"The issue is more than a language issue"
Breast cancer is now not only the most widely seen cancer in the UK, it is also the most common fatal cancer for women living in metropolitan areas in India. There is no cure for the disease as yet, however detecting it at an early stage means treatment is more likely to be successful.
Traditionally seen as a “Western” disease, there has been a significant rise in the number of Asian women affected in recent years. Professionals are concerned that Asian women are “too shy” to have breast scans, leading to the cancer being found late and reducing the chance of successful treatment.
1.38 million women across the globe were diagnosed with breast cancer in 2008. According to Cancer Research 45,700 women were diagnosed with breast cancer in the UK in 2007, which works out to be a staggering 125 women each day.
And the number is expected to rise. According to the World Cancer Report cancer rates could potentially rise by 50 per cent by 2020. Developing countries are predicted to account for more than half of all cancer cases worldwide by 2020, the report went on to say. Although it is thought by some to be a Western disease there is evidence that it is becoming increasingly more common in Asia. The World Health Organisation issued a warning that Asia’s annual cancer mortality rate could reach 6.4 million by 2030.
Although an absolute cure for the disease is yet to be found, the chances of surviving breast cancer are much higher if it is detected early. If a woman is diagnosed with stage one breast cancer then she has a 90 per cent chance of surviving. However if the disease is diagnosed at an advanced stage then the probability of survival drops dramatically. Women diagnosed with breast cancer at stage four only have a 10 per cent survival rate.
These sobering figures emphasise the need for regular check-ups in order to catch the disease early. Cancer Research states on its site that the NHS breast-screening programme saves over 1,000 lives each year.
However a recent study carried out in Oldham indicated that British Asian women were half as likely to have the NHS check-ups in comparison to the rest of the UK population. In certain areas the results were even more astonishing. Only 35 per cent of Asian women in poorer areas were likely to have the scan, whereas the figure was 70 per cent among non-Asian women.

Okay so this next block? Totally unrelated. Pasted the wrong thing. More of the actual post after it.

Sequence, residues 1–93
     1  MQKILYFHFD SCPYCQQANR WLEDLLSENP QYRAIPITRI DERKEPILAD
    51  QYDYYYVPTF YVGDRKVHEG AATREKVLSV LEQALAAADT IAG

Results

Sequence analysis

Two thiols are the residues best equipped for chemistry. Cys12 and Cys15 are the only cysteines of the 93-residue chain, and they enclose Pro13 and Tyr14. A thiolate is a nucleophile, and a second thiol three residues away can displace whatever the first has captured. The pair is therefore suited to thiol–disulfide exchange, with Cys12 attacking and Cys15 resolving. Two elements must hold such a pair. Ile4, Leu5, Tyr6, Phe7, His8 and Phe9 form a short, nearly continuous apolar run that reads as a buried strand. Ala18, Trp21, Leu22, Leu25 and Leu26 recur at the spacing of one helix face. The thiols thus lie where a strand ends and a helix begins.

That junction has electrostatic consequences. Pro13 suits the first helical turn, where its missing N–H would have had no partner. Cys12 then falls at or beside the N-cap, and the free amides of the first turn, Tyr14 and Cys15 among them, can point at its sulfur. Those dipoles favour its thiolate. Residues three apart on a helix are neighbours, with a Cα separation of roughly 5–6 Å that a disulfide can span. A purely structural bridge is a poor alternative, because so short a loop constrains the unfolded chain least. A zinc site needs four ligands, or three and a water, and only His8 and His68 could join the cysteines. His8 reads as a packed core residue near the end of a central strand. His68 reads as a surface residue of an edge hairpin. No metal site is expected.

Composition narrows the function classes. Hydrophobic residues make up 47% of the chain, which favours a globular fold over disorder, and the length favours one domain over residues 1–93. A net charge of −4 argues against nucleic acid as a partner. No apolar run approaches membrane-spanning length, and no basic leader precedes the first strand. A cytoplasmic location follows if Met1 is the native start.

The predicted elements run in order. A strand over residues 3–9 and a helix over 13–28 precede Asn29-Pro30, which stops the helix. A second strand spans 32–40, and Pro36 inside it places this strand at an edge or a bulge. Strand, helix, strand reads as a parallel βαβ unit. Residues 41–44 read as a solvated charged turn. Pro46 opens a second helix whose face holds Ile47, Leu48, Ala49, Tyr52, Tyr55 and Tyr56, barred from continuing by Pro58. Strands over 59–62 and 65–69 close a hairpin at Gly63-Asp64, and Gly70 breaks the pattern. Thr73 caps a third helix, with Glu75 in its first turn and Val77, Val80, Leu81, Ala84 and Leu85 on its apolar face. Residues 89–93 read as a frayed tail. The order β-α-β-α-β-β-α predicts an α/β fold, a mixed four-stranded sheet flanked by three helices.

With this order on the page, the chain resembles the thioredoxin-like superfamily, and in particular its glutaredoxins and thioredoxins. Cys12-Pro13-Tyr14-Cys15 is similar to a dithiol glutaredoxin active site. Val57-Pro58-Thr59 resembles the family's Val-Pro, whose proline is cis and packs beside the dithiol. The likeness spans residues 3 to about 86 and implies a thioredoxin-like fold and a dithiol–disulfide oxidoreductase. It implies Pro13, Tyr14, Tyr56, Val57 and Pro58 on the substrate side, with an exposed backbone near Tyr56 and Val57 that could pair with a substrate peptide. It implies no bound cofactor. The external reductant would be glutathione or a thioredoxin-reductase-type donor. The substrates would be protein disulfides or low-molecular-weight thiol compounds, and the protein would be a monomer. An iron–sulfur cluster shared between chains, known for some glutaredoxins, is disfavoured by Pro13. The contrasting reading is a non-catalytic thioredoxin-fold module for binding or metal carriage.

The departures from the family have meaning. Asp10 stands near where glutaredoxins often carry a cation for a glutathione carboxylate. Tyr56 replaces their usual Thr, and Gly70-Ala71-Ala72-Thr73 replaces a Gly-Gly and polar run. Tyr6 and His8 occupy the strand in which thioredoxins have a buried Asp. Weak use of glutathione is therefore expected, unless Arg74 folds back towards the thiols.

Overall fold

The statistics are worrying, and health experts have a number of theories as to why Asian women are not attending potentially life-saving check-ups. Lester Barr, a breast cancer specialist, said: “The issue is more than a language issue. There is less breast awareness within the Asian community.”
“There are cultural problems that make them shy to come forward and discuss it with family and friends.”
Moves are being made to increase awareness and encourage Asian women to attend check-ups. The first Asian Women’s Health Awareness Conference was held at Wythenshawe Hospital at the beginning of this month. Among the speakers there was Nighat Awan, chief executive of the Shere Khan restaurant group. Awan’s mother had breast cancer and died when she was 51. Now aged 55, Nighat Awan said before the conference, “Asian people are very closed-door. They think let’s not talk about it and it might go away. We have to tell people to deal with it.”
Getting the subject out in the open and encouraging people to talk about it will definitely help the situation. However, more needs to be done on a nationwide scale in order to tackle the problem effectively. The conference is a good start, but there needs to be many more initiatives in order to make a significant difference to the report’s predictions.